The only reason I hope they don’t move is because I know the Sharks’ merchandise shop at the Moses Mabhida stadium will knob you harder than the one at King’s Park.
Now before you lot throw your hands up in disgust and declare ‘We always knew he was a Sharks fan’, let me explain.
I’m from the Jake White school of thought on socks – I hate wearing them and own just six black ones. (Note: I didn’t say three pairs). But the need for socks became apparent when I was forced to park in Jo’burg and walk to the stadium on Wednesday for the Sharks/Lions match. Upon reaching my destination my feet were sticking to the inside of my shoes as tightly as that psycho bird you dated on your mom’s request in varsity stuck to you.
I needed socks, and the only place to get some was in the Sharks’ shop. Fifty-five rand later I was wondering how I was going to justify that claim on the expensive account. The reality is I’m not. Those socks, complete with a Sharks logo, are one of my worst purchases ever – a close second to that time I spent a couple of grand on some female midget wrestlers and twelve litres of sweet corn. That’s not a story for a family blog though.
Speaking of King’s Park, one of its favourite sons, Butch James, is back in town. I caught up with the Bath flyhalf at a pub in Durban North, and he said the knee injury that ruled him out of the Lions tour was healing well. Thankfully he’s gotten rid of the thick blond mop of hair he was sporting for most of the year, and the boy is looking strong and lean. The Springboks will miss him.
A mate of mine from the Durban media made it his mission to ensure I had a total experience of the city’s nightlife.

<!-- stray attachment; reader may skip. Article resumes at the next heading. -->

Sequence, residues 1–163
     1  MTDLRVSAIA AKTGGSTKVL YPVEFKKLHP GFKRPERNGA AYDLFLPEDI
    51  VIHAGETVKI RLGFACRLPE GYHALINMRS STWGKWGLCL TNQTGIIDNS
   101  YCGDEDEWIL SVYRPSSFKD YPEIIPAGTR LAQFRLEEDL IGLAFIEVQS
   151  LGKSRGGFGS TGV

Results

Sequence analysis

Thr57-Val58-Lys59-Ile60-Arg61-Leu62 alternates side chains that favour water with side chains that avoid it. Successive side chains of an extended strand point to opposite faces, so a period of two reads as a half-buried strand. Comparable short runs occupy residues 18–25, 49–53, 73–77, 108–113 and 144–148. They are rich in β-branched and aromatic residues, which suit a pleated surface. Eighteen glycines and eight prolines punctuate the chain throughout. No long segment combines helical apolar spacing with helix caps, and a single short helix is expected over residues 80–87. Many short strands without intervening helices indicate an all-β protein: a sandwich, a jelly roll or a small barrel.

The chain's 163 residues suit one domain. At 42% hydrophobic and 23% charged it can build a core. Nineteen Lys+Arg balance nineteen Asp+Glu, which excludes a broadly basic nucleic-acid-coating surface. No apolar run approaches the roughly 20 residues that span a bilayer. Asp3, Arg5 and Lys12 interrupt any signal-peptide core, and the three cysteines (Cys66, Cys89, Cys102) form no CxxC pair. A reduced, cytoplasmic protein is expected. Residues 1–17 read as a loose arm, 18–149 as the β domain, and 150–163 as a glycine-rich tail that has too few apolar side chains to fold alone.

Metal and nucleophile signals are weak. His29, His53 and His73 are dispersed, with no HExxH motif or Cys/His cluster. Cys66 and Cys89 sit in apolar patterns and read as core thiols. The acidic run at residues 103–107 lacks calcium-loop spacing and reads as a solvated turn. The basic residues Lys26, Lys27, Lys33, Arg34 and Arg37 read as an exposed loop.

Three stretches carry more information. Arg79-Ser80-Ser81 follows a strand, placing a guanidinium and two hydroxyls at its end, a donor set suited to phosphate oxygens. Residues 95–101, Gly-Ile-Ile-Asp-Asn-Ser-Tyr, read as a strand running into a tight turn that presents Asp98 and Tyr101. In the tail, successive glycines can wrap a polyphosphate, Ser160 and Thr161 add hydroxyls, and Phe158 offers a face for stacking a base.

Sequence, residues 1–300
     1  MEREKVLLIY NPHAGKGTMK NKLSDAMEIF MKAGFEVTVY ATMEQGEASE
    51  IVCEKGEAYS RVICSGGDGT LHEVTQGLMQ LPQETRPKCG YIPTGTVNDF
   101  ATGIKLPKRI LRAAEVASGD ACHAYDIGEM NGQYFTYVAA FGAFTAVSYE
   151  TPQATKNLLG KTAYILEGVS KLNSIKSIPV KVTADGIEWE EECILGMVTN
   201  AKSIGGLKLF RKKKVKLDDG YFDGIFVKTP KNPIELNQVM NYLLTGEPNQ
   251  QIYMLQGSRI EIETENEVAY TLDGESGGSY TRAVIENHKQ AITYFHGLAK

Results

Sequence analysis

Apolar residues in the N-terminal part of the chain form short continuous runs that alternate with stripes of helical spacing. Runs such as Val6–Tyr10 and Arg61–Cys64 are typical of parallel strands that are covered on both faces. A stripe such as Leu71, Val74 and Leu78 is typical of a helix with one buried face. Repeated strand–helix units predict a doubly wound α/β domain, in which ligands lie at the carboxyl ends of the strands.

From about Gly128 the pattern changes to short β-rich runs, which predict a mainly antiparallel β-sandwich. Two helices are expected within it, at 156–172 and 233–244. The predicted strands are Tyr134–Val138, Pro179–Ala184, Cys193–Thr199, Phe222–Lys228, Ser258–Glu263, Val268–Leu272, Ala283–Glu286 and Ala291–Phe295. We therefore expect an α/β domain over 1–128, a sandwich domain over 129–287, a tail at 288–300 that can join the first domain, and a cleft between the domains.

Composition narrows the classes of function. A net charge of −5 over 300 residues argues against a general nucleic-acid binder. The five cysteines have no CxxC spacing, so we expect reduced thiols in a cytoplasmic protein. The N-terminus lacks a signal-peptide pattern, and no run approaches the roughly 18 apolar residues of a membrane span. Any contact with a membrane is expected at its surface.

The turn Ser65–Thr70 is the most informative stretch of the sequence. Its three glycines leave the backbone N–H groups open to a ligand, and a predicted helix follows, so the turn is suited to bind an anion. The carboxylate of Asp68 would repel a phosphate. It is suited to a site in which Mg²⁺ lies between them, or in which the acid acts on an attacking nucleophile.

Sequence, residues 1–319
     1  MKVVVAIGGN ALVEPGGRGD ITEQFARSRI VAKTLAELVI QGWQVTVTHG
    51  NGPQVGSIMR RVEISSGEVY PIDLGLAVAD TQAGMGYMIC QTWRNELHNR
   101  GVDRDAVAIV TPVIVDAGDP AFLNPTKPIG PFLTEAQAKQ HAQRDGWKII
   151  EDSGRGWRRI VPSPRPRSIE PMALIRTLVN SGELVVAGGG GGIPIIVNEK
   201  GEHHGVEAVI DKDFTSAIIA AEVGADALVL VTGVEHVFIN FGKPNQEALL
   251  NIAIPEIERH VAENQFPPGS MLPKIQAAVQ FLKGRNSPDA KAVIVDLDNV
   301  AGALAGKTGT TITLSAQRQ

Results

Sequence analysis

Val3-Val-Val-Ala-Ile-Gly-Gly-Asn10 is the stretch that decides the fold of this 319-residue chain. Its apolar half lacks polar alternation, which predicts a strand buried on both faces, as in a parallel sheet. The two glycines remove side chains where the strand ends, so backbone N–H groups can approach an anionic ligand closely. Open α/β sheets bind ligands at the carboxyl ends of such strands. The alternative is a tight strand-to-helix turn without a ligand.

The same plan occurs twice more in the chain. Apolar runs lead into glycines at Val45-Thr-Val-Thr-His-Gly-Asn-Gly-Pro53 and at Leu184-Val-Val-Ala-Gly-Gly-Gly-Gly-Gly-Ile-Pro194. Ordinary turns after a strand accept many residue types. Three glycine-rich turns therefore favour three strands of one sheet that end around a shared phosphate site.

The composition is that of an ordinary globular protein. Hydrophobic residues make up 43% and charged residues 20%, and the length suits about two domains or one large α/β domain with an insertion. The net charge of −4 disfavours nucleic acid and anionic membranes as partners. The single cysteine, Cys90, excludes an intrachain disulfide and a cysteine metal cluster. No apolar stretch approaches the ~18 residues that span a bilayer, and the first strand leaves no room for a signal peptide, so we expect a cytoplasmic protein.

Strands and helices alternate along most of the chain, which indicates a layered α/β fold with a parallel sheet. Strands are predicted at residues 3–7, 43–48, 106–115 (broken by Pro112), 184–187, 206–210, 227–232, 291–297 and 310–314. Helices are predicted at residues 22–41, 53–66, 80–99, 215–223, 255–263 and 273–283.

In 2007 I’d been to the famous 80’s club with the human female repellent, Cardinelli and Borchardt. It was fun, with lots of hot ladies. White ladies. Blonde hair, green eyes, you know, the kind Hitler would have approved of.
Being keo.co.za’s only non-racist writer, I needed to see what was cracking with the Indians and coloureds. So I headed to Casa Nostra on the hip Florida Road strip.
For the benefit of the white okes, it’s like Tiger Tiger, only with no white folk. It was so hot in the place that I thought they might have had a furnace-powered curry stand in there. So we ducked and headed to Zoom on Stamford Hill.
For my brown brothers from Cape Town, it’s like the Galaxy, only with uglier girls and cheaper booze. I was comfortable that taking advantage the latter would improve the problem noted in the former, and opted to stay. The music was superb. If you like your music to sound like the band’s front man is possessed, you’ll hate this joint.
The evening ended with a trip to this late night take-away, where men who weren’t shown love in their childhood were wheel-spinning in their GTIs.
I declined the famous bunny-chow in favour of a plain cheese burger. There was nothing plain about that burger, because I type this while perched on the throne. I’ve been here for two days.
By Ryan Vrede, in Durban.